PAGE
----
LOS ANGELES (Reuters) - Barbara Ehrenreich joined the ranks of America’s financial underclass for a spell and wrote a book about it.
But for a growing segment of the U.S. population, there is nothing experimental or temporary about that life.
The author of “Nickel and Dimed” sees no quick recovery in sight for formerly middle class Americans ground down by job losses, the burst housing bubble and constricted credit.
Many of those families have gone from living the American dream to relying on Uncle Sam and other charities to feed themselves.
Reuters recently spoke with Ehrenreich about the new American poverty. An edited transcript follows.
Q: What do you think about reports that an economic recovery may be at hand?
A: Many people you might have called middle class or working class before have been ground down toward poverty or even destitution and then you see these billions of dollars of bonuses on Wall Street.
Wall Street is having a wonderful time. Banks are doing fine ... Are we going to come out of this being an even more economically unequal society than we were in 2007?
Q: What role did loose lending practices play in masking declining wages during the last period of economic expansion?
A: Easy credit has been America’s substitute for decent wages.
Q: Have you contacted any of the families you interviewed for earlier books to see how they’re faring during this downturn?
A: I did manage a few months ago to reach two people I met while working on “Nickel and Dimed.”
They were not doing that well. They said, “What recession? We’ve been in a depression for a long time.”
They weren’t noticing anything that new except that it’s much harder to get that second or third job they depend on.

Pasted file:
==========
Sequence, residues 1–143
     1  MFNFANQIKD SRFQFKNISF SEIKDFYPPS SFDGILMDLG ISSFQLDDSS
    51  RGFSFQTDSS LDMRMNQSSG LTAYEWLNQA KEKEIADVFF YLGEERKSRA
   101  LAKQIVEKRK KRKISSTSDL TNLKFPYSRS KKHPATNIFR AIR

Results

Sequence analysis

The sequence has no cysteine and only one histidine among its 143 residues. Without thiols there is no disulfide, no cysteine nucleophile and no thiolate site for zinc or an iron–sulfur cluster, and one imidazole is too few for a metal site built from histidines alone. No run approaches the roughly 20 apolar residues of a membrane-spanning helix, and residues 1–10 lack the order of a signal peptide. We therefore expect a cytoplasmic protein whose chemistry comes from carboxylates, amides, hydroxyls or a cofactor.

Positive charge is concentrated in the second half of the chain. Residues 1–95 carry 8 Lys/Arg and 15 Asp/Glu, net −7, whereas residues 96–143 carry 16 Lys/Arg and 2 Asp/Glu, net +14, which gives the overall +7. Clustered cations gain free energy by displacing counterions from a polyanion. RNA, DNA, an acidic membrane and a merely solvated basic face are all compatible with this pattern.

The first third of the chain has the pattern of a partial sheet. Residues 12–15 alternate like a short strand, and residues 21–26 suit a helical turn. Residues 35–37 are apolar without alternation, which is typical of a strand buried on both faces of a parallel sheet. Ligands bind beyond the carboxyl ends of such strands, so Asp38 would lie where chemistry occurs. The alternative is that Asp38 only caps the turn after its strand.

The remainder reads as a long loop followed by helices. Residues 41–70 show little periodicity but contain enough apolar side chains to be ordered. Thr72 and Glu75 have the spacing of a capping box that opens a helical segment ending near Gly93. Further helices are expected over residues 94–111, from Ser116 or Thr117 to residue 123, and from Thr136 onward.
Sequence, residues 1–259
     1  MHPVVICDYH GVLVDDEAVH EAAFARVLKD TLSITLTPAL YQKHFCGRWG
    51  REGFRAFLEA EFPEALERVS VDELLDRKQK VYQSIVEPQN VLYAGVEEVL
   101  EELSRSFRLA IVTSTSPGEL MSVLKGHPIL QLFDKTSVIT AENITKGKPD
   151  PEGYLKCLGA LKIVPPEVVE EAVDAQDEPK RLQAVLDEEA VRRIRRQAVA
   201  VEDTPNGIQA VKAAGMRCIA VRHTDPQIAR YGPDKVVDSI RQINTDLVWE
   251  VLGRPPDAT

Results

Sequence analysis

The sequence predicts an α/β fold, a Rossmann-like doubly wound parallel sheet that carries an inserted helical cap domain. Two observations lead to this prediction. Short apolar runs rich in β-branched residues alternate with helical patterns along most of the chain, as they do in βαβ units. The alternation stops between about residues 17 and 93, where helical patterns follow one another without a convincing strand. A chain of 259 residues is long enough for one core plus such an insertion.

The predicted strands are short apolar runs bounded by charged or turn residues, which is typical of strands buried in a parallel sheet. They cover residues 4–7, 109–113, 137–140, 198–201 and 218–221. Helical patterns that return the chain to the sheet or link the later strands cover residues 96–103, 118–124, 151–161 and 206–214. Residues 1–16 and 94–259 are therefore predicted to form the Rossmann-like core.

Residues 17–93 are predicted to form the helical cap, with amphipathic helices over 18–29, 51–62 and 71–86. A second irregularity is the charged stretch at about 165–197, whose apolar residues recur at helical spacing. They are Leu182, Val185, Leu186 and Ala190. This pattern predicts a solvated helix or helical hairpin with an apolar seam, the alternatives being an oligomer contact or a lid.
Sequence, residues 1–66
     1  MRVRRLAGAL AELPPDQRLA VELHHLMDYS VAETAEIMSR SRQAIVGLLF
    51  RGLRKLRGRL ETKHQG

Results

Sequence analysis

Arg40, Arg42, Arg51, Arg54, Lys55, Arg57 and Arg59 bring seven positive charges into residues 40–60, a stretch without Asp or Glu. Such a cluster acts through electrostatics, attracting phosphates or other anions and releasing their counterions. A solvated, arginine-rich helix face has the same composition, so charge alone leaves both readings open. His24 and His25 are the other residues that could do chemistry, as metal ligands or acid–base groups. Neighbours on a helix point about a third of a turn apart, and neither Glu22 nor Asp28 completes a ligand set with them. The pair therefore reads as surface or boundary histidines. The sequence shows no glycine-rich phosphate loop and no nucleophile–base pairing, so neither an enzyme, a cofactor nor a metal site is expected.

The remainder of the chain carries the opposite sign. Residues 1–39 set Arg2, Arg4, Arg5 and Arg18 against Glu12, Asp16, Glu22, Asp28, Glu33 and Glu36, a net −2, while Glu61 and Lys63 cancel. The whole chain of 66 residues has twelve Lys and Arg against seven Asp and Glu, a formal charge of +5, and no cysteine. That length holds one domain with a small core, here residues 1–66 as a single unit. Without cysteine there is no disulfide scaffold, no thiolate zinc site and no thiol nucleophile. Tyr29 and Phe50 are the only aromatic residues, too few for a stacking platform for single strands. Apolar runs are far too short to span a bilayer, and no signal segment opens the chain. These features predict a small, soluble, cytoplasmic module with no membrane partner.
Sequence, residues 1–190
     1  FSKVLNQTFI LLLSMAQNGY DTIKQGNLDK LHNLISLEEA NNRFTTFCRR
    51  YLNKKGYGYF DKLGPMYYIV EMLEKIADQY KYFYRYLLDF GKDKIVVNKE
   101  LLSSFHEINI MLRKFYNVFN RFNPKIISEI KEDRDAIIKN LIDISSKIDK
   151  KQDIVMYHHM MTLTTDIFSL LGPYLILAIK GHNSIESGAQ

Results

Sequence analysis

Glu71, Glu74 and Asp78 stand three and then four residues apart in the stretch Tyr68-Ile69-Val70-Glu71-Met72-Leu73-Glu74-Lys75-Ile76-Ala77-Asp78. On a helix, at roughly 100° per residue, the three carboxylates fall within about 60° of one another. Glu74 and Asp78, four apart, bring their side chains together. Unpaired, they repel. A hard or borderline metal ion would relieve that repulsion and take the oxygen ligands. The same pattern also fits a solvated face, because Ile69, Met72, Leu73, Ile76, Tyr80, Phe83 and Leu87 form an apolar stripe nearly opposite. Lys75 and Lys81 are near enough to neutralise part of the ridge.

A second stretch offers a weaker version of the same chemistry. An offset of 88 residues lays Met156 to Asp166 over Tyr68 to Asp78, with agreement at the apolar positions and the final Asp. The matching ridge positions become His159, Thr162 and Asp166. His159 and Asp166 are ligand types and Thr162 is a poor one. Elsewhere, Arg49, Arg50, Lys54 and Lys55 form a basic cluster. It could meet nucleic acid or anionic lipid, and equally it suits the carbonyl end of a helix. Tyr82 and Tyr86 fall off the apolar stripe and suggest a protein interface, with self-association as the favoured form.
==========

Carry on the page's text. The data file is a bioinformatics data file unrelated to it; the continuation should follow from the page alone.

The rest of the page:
Q: Is the upper middle class safe?
A: Over the last 15 or 20 years, white collar workers have become increasingly disposable ... It became a trend, a fad, whatever, to cut your payrolls as much as possible, so we have more and more people who went to college, maybe even got a master’s degree — did all the right things — and now they’re lucky to get short-term contract work, no benefits.
Q: What does that trend mean for higher education in the United States?
A: I do a lot of speaking on college campuses. A few weeks ago at Tennessee Tech, a young man said at the Q&A, “I am one of those poor people.”
He works part-time at Wendy’s, lives in a house crowded with other people. The only thing he could see doing is the Peace Corps because there is nothing else. It’s not because he’s altruistic, it’s because there’s nothing else.
There are a lot of highly educated dog walkers in big cities today. They’ve been horribly exploited.
Q: Do you think the economic downturn and high youth unemployment will change how young people think about taking on college debt?
A: It creates a scary crisis for higher education. We have created a system where that credential — the college degree — supposedly is your ticket to a decent job and a middle class lifestyle.
It’s not a ticket, it’s only a lottery ticket. You come out of college with tens of thousands worth of debt and absolutely no guarantee of any kind of job.
Reporting by Lisa Baertlein. Editing by Robert MacMillan